Are you just getting started learning Korean, and want a guide for where to go next? Here is a short guide I made that you can follow for learning Korean completely all for free. This list was compiled by myself and only includes the highest quality and free content for you.
For the past 12 years I've been studying Korean and have collected some of my favorite free resources here for you. None of these resources mentioned in the video paid or asked me to include them, and this list is 100% my own opinions.
Perhaps in the future I'll also make more of these lists. This is the first one.
If you have any questions feel free to leave them here or on the YouTube video.
Here you will find tips for teaching English to your Korean students. I spent 3.5 years out of my time in Asia teaching in Korea. In my experience teaching in China, Korea and Taiwan I would say that the teaching part is not that different.
What's different is the school that you work in and the culture, but most of that extends outside the classroom.
Here's a video that was filmed in hagwons and public schools in Korea. It includes 3 games and activities (one of the tips below) that you can use in you classroom.
One thing you must have heard of Seoul by now is that it’s a city that operates around the clock, even if it’s public transportation doesn’t. Many people take this chance to stay out all night enjoying the various clubbing and drinking opportunities, but every once in awhile, it is also fun to check out a night market in Seoul.
Have you yet visited a Seoul night market? If not, here are a few night markets in Seoul highly recommended by us for you to check out!
*Ready to learn Korean yet? Click here to learn about our 90 Day Korean learning program!
What are the requirements to teach English in Korea? I spent 3.5 years of my time in Asia teaching in Korea. I can tell you for starters that Korea is a bit more intensive when it comes to getting started than other countries. There is a lot of paperwork you have to do. Getting all of your documents ready can easily take 2 months or more.
For starters you need:
A 4 year degree (in anything) or a 2 year degree for the TALK program
To be a native English speaker from: USA, UK, Ireland, Canada, Australia, New Zealand or South Africa.
You need those qualifications to get an E-2 visa to legally teach in Korea.
I don’t honestly know what’s wrong with me today. I know that it’s some wicked brew created by Trump’s visit to the peninsula this week, this year on the whole, and waking up this morning to find out that 26 people had been murdered at their morning service in their small-town church yesterday. I read it just as I was about to head out the door, because that’s part of my job now — to read the news just as I’m about to walk out the door, and on the train on the way to the studio, and on the bus on the way home, and before I go to bed at night.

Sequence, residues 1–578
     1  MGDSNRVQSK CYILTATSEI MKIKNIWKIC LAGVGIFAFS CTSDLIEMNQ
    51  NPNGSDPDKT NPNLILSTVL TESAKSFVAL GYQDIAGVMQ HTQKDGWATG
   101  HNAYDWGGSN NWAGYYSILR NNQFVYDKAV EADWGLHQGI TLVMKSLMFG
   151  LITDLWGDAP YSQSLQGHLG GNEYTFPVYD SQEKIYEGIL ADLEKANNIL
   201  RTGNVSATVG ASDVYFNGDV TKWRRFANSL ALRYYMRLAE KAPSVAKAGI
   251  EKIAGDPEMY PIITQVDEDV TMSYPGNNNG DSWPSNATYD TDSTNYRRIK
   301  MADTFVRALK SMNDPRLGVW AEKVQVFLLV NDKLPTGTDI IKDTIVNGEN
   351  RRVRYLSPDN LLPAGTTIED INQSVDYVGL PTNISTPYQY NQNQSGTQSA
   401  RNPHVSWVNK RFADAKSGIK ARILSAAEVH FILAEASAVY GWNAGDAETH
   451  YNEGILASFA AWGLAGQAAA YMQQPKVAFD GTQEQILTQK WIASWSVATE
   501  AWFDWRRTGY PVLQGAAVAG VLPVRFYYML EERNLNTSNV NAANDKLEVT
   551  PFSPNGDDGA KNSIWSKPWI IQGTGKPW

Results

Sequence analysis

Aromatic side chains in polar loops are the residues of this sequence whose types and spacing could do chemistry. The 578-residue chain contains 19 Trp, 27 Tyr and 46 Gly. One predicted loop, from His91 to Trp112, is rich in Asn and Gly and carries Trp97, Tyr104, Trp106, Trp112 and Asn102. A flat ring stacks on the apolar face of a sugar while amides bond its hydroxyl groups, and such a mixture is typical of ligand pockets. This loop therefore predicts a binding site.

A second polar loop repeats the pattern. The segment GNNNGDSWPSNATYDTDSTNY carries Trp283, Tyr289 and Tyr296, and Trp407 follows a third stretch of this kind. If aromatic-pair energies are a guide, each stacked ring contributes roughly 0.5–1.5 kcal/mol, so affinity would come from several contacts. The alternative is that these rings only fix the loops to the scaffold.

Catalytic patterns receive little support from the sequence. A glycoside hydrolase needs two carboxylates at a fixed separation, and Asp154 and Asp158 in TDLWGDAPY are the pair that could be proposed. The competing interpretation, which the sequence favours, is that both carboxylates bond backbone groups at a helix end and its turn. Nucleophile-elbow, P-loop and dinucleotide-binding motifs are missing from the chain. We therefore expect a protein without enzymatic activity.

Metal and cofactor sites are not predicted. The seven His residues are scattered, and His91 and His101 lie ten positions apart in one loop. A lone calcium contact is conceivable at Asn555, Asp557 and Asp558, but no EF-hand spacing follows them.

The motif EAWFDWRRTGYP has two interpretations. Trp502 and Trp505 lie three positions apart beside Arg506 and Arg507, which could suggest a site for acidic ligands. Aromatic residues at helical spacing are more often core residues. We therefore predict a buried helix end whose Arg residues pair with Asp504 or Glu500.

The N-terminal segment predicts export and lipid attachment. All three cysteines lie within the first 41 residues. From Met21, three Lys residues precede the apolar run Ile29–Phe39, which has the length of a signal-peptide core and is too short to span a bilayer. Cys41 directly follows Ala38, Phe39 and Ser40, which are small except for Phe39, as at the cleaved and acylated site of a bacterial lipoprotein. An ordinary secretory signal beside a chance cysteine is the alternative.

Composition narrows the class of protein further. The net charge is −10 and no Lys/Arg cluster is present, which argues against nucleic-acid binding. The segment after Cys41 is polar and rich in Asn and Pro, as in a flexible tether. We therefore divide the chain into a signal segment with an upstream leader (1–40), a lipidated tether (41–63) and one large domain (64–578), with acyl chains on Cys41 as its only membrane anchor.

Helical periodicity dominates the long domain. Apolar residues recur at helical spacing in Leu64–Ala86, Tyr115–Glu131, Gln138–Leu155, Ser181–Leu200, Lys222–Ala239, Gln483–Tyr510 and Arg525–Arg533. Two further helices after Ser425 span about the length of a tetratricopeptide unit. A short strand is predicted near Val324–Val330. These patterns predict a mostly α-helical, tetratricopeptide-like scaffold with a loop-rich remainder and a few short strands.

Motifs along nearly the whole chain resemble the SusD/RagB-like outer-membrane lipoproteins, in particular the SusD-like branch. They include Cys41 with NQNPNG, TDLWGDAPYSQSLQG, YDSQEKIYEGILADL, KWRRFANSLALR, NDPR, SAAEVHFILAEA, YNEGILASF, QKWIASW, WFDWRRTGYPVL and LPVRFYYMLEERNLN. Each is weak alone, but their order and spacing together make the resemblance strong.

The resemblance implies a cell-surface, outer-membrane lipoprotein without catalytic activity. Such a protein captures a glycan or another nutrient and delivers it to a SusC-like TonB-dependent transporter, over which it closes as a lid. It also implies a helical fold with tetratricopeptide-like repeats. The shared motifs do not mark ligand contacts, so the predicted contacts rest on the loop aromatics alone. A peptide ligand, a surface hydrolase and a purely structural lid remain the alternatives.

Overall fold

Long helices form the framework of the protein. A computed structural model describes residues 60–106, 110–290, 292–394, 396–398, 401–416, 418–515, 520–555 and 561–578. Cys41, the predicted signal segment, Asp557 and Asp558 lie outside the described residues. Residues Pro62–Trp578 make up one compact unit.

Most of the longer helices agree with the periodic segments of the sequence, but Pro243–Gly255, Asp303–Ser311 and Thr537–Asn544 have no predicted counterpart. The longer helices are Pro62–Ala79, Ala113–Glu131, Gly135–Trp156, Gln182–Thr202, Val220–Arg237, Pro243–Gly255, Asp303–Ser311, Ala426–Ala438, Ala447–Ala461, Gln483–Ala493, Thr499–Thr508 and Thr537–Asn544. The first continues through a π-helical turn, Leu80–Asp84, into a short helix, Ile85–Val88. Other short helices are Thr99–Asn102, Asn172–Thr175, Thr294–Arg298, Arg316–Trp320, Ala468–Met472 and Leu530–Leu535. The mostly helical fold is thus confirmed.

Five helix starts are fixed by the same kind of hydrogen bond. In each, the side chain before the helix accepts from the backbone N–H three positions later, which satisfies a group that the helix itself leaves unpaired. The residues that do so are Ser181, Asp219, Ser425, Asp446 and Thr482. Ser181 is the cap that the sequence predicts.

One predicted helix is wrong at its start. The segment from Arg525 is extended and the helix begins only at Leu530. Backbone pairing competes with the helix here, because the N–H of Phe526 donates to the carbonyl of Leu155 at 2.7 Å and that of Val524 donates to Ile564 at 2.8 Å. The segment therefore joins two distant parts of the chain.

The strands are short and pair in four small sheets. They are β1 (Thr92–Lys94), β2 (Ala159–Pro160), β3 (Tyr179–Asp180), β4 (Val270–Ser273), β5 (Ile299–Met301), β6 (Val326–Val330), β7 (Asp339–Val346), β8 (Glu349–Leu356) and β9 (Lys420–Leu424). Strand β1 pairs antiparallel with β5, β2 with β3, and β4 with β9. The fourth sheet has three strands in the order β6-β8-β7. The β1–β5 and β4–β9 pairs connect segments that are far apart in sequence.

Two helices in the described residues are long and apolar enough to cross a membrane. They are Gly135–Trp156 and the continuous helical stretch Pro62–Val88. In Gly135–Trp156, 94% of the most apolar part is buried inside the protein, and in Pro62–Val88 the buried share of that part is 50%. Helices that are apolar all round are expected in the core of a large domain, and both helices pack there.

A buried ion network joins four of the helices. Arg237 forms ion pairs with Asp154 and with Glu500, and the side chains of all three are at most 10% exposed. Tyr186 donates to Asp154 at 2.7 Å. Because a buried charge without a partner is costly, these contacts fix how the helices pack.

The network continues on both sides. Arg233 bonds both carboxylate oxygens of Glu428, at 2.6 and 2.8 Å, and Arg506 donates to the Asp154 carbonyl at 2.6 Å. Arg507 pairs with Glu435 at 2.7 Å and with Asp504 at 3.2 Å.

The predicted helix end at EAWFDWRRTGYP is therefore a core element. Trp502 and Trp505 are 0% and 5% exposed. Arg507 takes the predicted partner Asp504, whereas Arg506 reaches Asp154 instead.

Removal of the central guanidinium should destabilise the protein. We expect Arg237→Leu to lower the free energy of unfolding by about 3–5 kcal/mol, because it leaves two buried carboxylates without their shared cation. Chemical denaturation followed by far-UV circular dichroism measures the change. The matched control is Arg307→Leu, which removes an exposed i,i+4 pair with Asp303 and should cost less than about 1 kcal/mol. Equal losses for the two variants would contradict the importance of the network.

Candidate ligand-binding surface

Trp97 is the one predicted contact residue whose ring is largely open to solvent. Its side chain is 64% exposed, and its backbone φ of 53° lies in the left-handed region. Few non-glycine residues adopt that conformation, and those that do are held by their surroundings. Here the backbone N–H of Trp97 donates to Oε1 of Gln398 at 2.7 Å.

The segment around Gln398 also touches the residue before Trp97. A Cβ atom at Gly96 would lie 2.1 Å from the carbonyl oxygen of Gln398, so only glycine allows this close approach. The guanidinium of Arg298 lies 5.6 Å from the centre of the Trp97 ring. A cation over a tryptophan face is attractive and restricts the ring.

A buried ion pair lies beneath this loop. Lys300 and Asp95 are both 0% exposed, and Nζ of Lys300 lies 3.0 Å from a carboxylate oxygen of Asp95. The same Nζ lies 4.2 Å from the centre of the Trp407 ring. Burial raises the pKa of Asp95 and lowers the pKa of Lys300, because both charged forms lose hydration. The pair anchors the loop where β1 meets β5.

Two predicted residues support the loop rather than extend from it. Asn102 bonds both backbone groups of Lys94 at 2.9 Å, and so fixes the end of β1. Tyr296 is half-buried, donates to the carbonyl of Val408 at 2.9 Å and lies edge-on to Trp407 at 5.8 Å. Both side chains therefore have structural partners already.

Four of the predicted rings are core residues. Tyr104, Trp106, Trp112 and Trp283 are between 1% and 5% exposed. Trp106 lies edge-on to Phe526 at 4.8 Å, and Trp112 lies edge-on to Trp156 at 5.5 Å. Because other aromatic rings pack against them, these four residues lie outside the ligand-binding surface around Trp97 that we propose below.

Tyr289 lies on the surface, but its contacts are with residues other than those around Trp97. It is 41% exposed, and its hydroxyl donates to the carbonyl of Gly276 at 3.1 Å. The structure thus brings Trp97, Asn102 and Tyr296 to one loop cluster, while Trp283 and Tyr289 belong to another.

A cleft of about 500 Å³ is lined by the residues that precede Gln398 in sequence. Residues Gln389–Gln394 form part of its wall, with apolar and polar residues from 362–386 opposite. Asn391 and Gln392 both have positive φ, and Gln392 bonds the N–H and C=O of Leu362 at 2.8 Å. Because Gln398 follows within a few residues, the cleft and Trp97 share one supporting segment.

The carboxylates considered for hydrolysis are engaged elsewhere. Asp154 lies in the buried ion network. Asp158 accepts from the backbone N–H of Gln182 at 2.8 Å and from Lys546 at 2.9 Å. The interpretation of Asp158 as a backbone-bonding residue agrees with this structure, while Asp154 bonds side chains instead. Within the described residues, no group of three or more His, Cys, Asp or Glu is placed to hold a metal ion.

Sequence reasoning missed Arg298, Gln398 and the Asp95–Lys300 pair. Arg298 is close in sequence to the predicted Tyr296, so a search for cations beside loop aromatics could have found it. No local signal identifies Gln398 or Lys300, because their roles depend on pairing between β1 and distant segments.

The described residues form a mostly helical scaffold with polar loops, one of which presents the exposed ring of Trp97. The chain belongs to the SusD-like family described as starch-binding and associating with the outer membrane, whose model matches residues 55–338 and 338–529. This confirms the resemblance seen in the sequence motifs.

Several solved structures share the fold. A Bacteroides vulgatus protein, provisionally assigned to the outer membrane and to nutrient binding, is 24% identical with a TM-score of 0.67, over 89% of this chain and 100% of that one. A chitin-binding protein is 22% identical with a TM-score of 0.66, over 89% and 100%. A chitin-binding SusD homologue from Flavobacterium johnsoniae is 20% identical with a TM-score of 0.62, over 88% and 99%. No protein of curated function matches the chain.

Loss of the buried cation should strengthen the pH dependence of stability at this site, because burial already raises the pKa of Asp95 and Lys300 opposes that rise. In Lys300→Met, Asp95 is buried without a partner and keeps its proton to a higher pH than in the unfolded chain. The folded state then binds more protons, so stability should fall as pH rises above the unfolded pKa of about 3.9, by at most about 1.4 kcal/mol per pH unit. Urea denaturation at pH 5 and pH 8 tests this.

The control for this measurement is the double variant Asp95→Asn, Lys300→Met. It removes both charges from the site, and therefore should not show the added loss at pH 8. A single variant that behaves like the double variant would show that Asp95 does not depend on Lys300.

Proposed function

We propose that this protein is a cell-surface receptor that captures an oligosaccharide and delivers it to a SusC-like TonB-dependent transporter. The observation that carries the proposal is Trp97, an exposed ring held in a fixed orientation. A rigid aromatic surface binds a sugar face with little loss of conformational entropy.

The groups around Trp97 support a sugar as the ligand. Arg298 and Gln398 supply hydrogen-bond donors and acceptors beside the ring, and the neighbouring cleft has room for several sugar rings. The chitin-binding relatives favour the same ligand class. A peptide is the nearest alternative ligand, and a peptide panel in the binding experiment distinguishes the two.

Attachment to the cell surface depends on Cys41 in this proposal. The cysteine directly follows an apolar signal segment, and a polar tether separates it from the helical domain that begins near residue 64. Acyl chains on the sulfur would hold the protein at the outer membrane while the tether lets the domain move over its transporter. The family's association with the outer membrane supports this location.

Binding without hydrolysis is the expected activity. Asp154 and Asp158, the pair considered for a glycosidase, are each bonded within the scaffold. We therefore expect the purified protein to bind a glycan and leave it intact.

In a new commercial for Cass beer, pitchman and respected chef and restaurateur Gordon Ramsay takes a large swallow of beer, grimaces in ostensible pleasure, and proclaims it to be “bloody fresh!” The commercial is hoped to raise the international profile of Cass beer, though, as it enlists a chef renowned for his attention to quality to shill for the Korean equivalent of Budweiser, the ad has also noticeably lowered the foreign beer-drinking public’s estimation of Ramsay’s ability to credibly rate beer.
This is an introduction video to teaching English to young learners that is used in the beginning of ESLinsider's online TEFL courses. If you are thinking of teaching children or if you are not sure if you should teach children, adolescents or adults then you'll probably find this video intersting.
Mentioned here is also a comparison of teaching English to children vs. adults or teens.
Young learners range from kindergarten to about 13 years old. They are active, social and creative. They also have a short attention span. The younger they are the shorter it is. They are pretty social and they get motivated by having fun.
One of the things I love about Korea is how fast you can get certain things done. Repairmen often come the day you call them. Products ordered online cross the country in a day or two. Fried chicken is rushed to your door by a motorbike driver with a loose interpretation of traffic laws.
The list goes on, but a plan by Incheon International airport to open a plastic surgery clinic seems to have pushed the quick service concept a bit too far. The idea was to open the clinic in the transfer area, so that patients could receive treatment without having to pass through immigration and officially enter the country.
When I think about it, I will post our weekly menus up here, especially if we’re debuting some new recipes. Included in this week’s excitement is a Thai Corn Soup that sounds awesome and hopefully tastes the part. For those not in the know, or who cannot read my handwriting, “OOO” is “on our own,” HQ is a favorite expat bar here in Busan, and that mess of writing in the middle is for “Leek and Potato Soup,” made with leeks from our friends at Busan Organic Vegetables. Oh, and “B for D,” high fives for those who can figure out what this is.